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4 things we learned from Poles, Cunningham

Bears assistant general manager Ian Cunningham & general manager Ryan Poles
Bears assistant general manager Ian Cunningham & general manager Ryan Poles

Bears general manager Ryan Poles and assistant GM Ian Cunningham spoke to the media Thursday at Halas Hall. Here are four things we learned from their session:

(1) Poles likes the growth he's seen from Justin Fields and was especially impressed with the second-year quarterback's performance in the preseason finale.

Playing the Bears' first five possessions last Saturday night in Cleveland, Fields completed 14 of 16 passes for 156 yards with three touchdowns, no interceptions and a stellar 146.9 passing rating in a 21-20 win over the Browns.

"I think there's progress being made," Poles said. "He looks comfortable. [With] his technique and his fundamentals and his feet—and then a new offense, new coaches, new system—there's a lot going on both physically and mentally. I thought as the preseason has played out and even practice, you could see things start to slow down and him read defenses quicker and pull the trigger, and it was really cool to see him finish up that way."

(2) It would be an understatement to say that Poles has enjoyed working with first-year coach Matt Eberflus.

"I love that dude," Poles said with a smile. "With the schedule and everything, he is detailed, he's organized, he has a team around him to help him be organized. He's consistent. His message is clear. There is no gray area.

"When he approaches the team meetings and gets in front of the guys, he's got juice. But it's not fluff, it's not fake, it's real. And you can feel that energy that he has. The guys love it. I love it. I'm so pumped about his leadership and how he's handled this team."

“I love that dude … he is detailed, he’s organized … He’s consistent. His message is clear. There is no gray area.” Bears GM Ryan Poles on HC Matt Eberflus

(3) The Bears are happy for Teven Jenkins and the progress he's made since switching from tackle to right guard in mid-August.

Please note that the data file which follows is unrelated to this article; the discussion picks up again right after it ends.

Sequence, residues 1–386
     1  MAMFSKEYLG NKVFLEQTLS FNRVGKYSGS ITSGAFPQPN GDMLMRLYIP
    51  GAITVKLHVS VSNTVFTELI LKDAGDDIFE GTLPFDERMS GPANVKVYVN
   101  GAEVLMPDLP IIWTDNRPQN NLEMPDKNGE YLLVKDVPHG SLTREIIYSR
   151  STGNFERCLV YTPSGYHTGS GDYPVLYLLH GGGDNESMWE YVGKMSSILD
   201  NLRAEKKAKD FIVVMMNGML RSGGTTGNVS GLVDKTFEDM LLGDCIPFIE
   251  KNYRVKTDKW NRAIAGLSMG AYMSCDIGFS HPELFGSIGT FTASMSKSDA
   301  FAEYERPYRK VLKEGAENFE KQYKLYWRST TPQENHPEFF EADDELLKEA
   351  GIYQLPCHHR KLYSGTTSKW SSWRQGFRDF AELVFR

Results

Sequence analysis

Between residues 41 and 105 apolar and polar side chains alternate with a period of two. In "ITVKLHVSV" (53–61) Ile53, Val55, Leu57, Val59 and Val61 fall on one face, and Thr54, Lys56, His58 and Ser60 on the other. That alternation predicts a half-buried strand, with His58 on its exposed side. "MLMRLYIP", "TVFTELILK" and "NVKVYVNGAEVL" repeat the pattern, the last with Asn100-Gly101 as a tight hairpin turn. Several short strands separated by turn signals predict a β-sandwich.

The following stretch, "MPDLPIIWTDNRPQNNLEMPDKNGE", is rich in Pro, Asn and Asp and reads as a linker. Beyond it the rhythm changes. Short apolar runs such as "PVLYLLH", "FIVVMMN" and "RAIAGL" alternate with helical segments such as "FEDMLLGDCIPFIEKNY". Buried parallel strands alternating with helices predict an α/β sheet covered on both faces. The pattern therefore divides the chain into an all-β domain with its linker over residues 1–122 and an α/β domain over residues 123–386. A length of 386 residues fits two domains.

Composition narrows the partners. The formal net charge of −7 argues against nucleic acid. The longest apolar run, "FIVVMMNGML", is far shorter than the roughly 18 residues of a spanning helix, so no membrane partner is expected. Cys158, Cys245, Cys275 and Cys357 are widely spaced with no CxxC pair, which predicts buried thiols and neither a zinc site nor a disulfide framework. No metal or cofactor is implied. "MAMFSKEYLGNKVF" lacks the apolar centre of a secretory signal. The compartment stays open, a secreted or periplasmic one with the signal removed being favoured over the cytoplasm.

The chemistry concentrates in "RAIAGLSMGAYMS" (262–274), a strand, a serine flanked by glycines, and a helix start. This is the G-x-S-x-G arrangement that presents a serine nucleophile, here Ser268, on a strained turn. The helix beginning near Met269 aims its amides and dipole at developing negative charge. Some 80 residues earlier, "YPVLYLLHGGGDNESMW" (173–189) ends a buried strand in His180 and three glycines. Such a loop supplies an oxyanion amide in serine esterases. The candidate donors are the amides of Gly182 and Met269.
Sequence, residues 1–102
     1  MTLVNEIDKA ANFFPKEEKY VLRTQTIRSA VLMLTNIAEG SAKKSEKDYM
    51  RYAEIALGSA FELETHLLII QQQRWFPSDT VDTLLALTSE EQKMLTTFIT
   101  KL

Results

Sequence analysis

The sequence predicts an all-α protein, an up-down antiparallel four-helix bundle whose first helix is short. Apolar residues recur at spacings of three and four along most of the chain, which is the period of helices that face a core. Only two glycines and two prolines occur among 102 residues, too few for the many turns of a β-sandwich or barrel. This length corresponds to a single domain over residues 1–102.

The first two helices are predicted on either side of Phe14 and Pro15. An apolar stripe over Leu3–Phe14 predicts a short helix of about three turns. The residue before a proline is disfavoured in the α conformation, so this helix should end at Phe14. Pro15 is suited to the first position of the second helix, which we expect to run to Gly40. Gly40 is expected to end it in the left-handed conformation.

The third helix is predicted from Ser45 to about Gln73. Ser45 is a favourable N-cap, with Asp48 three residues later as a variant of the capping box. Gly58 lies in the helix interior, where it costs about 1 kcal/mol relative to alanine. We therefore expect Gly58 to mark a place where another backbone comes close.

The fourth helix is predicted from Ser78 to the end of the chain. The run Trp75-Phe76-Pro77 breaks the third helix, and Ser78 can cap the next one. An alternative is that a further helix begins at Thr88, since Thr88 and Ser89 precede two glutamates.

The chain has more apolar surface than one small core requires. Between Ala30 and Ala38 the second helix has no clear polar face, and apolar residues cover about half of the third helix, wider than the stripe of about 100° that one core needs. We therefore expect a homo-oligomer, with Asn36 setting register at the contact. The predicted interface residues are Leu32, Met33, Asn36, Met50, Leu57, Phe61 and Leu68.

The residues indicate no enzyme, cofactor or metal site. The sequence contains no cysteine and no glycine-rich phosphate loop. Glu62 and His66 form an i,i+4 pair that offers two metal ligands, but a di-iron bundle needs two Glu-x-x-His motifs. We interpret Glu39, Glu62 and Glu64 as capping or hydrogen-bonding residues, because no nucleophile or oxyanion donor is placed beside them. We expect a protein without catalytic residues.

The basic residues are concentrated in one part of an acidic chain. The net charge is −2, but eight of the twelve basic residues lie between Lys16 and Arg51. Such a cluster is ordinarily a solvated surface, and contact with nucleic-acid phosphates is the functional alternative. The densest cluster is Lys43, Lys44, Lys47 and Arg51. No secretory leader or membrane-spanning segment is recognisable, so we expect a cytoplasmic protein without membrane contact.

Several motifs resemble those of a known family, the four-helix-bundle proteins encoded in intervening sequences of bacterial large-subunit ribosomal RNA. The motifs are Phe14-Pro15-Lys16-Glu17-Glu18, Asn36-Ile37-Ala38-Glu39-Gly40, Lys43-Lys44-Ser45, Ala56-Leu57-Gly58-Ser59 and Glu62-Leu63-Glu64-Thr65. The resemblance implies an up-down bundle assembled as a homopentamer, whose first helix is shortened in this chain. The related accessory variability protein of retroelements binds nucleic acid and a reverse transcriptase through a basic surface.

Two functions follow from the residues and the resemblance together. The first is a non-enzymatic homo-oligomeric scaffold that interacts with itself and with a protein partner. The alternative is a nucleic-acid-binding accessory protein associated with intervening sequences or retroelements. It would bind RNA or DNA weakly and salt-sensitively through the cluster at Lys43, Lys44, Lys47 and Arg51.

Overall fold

Since arriving last year as a second-round pick, it's been a rollercoaster ride for Jenkins. He missed the first 11 games of his rookie season following back surgery and then sat out seven practices early in training camp this summer with an undisclosed injury.

Jenkins was the subject of trade rumors, lined up as the third-team right tackle upon returning to practice and then moved to right guard Aug. 14. He has since performed well in two preseason starts at his new position.

Asked what's impressed him about Jenkins' journey, Cunningham said: "Resilience. He had an up and down early part of his career … and then for him to come in and then play guard—a position that he wasn't familiar with—it's just a testament to the kid and his resilience and his work ethic. [I] couldn't be more proud of him."

Jenkins slid to guard as part of the Bears' plan to identify their best five offensive linemen.

"We probably look at that as more of a holistic thing than anything," Poles said. "It's like, 'how can we make the best five?' We did a lot of shuffling around. Everyone was aware of that. When we got to this point and he was in at guard, I thought some good things happened on the field during some of the games … so I'm really happy for him and the progress that he's made. He's settling in well and I think he's going to help us there."

Asked if Jenkins should still be worried about getting traded, Poles said: "No. I had a good conversation with him and I told him how proud I was of him. Again, it's about building the best five, and I think we have a good five with at him at guard. So I think it's good for us to have Teven at guard right now."

(4) Poles has been pleasantly surprised with how rapidly rookie left tackle Braxton Jones has developed.

The fifth-round pick from Southern Utah was promoted to the No. 1 offense midway through offseason practices and has yet to relinquish the job.

"We thought he definitely had starter potential and he could develop," Poles said. "[But] I've been blown away by how fast he has developed. There's a lot of credit for our coaches and [offensive line coach] Chris Morgan; they've done an excellent job.

"He continues to kind of check the boxes. You go from OTAs and [you're] like, 'man, the guy looks pretty good.' All right, but we've got to go to training camp, we've got to put pads on. We put pads on and he still does pretty good. All right, let's see when the lights go on and we go to preseason, is he going to do it then? Because the longer you do this, and you've all seen, you see these spikes and then [wonder], 'where did he go?'

"[But] he just continues to climb and get better and better and better. And then now that next phase is Week 1, he's going to see a 'big dog.'"

That big dog is 49ers defensive end Joey Bosa, a two-time Pro Bowler who recorded 15.5 sacks, 21 tackles-for-loss and four forced fumbles last season.

"I told [Jones], too, there's going to be ups and downs, and I think part of being a really good player is the short memory, like, 'how can you overcome some of those bad plays?'" Poles said.

"That's going to be the next step for him, and just seeing those top rushers in this league, it's no joke. A lot of guys struggle with them, but can you battle, can you fight and have that short memory when things go bad, and do you have the toughness to stick in there?

"I'm excited for him, and I'm excited for what he's become. He has not given that spot up and he just keeps fighting and fighting and fighting. I'm proud of that kid."